While her name is legend today, Pocahontas lived a brief and troubled life. She and Rolfe would have one son, Thomas, and eventually travel to England. One day before she was set to return to her home in North America, she died of smallpox at the age of 20. 

On April 4, 1949, 73 years ago, the North Atlantic Treaty Organization (NATO) was signed into existence. 

NATO has been making headlines recently as a key player and influence in the conflict in Ukraine. Less than a century ago, NATO was also making headlines as a dozen nations came together to form a mutual defense pact to limit Soviet aggression in Western Europe. 

In the long and tense history of the Cold War, this moment would probably fall in the first chapter as one of the first acts to formally divide the U.S. and the Soviet Union. Though the two powers fought on the same side during World War II, relations soon fell to pieces in the aftermath as neither nation could agree on what to do with former Nazi Germany. While the U.S. sought to help the German nation recover, the Soviet Union wanted to punish the power that brought about so much devastation to the continent. Neither side would budge.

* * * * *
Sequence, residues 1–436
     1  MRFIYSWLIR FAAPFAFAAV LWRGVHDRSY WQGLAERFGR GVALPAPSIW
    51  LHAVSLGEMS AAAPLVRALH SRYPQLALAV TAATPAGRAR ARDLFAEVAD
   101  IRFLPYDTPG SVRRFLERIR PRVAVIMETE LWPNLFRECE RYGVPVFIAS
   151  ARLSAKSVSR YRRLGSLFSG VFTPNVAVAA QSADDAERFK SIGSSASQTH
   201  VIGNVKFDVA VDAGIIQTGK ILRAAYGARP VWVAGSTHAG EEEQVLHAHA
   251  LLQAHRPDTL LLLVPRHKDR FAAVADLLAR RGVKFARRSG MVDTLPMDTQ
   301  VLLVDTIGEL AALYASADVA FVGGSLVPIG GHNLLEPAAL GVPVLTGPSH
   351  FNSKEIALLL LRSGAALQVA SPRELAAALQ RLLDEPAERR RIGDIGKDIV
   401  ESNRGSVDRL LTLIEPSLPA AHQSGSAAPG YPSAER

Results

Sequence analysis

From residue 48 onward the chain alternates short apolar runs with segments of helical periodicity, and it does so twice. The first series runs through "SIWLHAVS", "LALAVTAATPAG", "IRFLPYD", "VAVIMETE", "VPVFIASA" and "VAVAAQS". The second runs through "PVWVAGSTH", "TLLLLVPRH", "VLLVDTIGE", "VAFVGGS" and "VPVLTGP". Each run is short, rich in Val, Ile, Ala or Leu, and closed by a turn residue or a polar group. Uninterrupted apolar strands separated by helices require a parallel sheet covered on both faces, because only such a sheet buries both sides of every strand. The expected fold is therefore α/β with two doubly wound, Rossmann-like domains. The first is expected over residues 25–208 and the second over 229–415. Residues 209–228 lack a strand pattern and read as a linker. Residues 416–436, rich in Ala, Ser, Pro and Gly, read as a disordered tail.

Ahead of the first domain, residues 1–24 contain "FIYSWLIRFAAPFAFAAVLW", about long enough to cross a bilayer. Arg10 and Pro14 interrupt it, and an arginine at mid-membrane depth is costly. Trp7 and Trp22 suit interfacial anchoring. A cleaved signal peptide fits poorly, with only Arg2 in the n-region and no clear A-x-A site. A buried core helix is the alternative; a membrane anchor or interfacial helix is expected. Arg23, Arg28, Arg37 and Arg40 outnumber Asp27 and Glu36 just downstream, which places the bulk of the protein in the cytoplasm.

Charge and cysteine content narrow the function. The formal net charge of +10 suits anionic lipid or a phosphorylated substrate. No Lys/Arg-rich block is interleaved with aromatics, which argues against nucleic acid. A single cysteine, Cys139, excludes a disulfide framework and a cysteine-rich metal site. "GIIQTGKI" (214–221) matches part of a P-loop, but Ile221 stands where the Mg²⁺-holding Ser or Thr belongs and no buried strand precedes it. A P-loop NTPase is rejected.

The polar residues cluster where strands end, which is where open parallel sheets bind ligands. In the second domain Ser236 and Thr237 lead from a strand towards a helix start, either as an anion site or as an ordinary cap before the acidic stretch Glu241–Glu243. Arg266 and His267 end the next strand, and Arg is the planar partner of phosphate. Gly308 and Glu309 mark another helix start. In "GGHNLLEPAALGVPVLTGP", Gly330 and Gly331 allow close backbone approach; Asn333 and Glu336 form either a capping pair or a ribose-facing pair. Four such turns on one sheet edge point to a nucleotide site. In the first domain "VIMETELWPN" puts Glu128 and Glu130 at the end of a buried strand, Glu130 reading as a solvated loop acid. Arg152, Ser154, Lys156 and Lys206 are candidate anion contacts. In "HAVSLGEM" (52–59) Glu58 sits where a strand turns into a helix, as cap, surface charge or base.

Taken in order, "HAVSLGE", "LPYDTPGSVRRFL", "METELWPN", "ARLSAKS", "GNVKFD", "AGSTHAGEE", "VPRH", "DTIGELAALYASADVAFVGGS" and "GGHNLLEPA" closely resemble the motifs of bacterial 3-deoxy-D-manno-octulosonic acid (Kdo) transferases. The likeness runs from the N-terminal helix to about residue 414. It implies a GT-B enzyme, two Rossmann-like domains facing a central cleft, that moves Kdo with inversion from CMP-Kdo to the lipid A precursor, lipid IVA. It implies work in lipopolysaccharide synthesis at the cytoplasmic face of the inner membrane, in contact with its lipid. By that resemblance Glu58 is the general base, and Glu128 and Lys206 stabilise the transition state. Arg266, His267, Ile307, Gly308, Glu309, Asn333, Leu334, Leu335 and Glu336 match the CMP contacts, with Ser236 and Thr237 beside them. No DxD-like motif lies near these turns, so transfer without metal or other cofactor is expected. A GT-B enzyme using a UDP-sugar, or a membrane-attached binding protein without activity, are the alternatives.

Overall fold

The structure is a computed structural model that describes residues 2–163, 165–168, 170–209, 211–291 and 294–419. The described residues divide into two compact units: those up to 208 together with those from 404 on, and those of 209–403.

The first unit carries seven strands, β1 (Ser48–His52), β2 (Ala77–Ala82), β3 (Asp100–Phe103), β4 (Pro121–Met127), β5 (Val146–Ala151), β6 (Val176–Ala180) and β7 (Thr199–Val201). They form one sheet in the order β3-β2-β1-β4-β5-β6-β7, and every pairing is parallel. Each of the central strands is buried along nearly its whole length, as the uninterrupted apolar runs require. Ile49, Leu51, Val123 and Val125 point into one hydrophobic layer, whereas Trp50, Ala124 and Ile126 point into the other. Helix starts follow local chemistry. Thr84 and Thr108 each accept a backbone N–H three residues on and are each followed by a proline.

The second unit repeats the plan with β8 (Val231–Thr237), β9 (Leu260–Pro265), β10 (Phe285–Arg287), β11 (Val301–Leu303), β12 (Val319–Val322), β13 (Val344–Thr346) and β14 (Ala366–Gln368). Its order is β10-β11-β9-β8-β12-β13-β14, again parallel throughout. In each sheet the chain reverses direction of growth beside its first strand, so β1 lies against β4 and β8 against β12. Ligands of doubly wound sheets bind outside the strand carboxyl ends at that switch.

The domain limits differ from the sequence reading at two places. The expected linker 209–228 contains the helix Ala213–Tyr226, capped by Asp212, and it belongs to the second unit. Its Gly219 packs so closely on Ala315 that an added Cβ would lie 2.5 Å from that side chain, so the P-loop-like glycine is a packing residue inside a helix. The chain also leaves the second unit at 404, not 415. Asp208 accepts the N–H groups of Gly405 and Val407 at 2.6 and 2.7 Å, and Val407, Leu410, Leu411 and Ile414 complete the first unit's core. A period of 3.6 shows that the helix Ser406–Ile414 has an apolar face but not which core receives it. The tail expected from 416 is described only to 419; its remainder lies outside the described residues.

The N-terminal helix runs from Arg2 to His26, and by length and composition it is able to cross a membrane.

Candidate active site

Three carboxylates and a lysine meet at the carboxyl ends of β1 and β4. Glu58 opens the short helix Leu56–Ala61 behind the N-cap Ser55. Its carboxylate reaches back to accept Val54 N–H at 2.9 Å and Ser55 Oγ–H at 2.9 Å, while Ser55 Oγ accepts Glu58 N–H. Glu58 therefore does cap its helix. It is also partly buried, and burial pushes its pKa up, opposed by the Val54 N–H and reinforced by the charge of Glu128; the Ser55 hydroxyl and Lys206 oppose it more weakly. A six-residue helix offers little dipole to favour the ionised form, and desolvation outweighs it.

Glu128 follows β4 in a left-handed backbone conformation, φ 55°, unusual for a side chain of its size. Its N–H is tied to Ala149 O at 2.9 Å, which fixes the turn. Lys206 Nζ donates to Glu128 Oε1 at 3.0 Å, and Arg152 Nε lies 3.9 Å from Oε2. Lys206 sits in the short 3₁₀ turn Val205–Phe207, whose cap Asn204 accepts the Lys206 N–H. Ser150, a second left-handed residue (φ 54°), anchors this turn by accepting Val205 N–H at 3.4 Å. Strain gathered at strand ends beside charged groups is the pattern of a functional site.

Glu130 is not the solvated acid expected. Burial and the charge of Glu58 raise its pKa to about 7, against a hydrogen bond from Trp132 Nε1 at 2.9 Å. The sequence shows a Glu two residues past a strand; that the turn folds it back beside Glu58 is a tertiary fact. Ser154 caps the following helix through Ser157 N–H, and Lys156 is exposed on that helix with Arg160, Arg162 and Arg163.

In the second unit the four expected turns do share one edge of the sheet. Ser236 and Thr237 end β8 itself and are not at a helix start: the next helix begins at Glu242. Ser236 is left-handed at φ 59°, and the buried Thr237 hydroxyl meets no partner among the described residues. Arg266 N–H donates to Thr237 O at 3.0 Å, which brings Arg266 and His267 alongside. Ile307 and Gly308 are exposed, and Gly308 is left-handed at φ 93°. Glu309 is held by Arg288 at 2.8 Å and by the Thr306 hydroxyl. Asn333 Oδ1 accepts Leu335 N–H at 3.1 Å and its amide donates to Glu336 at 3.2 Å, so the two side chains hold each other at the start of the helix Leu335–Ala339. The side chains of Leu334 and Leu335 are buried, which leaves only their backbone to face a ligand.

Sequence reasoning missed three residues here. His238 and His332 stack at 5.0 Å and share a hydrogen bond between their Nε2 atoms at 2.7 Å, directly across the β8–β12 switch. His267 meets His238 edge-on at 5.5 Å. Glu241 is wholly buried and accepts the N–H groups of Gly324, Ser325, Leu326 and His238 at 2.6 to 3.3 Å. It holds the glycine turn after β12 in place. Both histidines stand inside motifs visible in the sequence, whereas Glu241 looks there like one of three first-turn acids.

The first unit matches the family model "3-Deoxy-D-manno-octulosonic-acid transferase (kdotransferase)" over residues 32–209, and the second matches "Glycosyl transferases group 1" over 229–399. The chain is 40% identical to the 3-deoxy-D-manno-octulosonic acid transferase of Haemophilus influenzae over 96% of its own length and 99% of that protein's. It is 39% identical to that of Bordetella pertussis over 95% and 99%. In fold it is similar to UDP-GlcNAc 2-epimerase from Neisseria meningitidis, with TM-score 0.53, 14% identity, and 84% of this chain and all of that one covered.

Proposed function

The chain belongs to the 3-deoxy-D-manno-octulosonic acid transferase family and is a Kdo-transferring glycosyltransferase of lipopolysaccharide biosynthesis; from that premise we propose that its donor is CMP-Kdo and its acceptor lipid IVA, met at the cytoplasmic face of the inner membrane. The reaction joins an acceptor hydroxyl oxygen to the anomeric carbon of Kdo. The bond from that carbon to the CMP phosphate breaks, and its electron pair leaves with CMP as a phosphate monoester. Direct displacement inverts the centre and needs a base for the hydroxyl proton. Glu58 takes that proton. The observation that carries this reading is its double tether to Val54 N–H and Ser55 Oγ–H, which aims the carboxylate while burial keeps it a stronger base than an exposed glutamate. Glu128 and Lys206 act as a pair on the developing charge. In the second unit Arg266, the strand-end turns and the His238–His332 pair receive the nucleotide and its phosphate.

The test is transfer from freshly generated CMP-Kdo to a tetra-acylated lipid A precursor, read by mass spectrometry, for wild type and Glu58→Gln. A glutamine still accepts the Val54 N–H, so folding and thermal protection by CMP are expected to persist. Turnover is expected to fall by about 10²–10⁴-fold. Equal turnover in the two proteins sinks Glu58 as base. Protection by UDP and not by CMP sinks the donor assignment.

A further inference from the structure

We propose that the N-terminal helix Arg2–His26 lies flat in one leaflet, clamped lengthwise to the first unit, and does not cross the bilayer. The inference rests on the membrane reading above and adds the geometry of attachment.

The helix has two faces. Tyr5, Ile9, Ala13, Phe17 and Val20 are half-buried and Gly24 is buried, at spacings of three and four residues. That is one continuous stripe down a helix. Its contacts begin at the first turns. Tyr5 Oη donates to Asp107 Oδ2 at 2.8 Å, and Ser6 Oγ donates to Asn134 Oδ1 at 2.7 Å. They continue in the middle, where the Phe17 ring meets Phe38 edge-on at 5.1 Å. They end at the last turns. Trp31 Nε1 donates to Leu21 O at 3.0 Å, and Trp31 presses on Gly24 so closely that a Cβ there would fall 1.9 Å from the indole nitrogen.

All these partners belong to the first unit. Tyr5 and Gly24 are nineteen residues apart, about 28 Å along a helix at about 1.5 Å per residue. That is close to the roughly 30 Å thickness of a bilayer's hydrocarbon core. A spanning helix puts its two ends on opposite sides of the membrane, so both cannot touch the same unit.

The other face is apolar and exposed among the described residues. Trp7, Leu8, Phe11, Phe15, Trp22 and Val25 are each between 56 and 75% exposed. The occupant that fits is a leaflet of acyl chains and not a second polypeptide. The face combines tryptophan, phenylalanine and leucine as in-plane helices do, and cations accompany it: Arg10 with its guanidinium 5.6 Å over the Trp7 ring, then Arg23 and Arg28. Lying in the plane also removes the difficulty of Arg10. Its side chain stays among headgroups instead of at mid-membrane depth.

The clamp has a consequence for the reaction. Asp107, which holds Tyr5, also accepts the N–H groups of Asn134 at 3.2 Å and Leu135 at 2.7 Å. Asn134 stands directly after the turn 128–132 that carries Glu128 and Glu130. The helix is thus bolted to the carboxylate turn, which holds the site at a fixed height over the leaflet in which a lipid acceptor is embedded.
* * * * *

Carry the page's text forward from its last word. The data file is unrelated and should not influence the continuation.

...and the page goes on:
Less than five years later, the U.S., along with Belgium, Canada, Denmark, France, Great Britain, Iceland, Italy, Luxembourg, the Netherlands, Norway and Portugal, formed an military alliance out of the fear that democracy and communism could never coexist. The Soviet Union responded by forming the Warsaw Pact with the Soviet allies of Eastern Europe, essentially drawing a line in the sand down the middle of Europe. Though the two sides would never enter a total war scenario, loyalties were clear around the world. 

At the fall of the Soviet Union, the Warsaw Pact was dissolved, and many former members joined NATO increasing membership to a total of 30 states. If Ukraine, which is currently classed as an “aspiring member,” joined NATO, all 30 nations, including the U.S., would obligated to defend the nation against Russia in its current state. Only time will tell if this is to become a reality. 

On April 4, 1968, 54 years ago, Martin Luther King Jr. was assassinated in Memphis, Tennessee. 

While standing on the second-floor balcony of the Lorraine Motel, the civil rights leader, hero and icon was fatally shot at 39-years-old. Though his life was short, King was a champion of racial equality using peaceful protest as a means to make tremendous strides towards racial justice.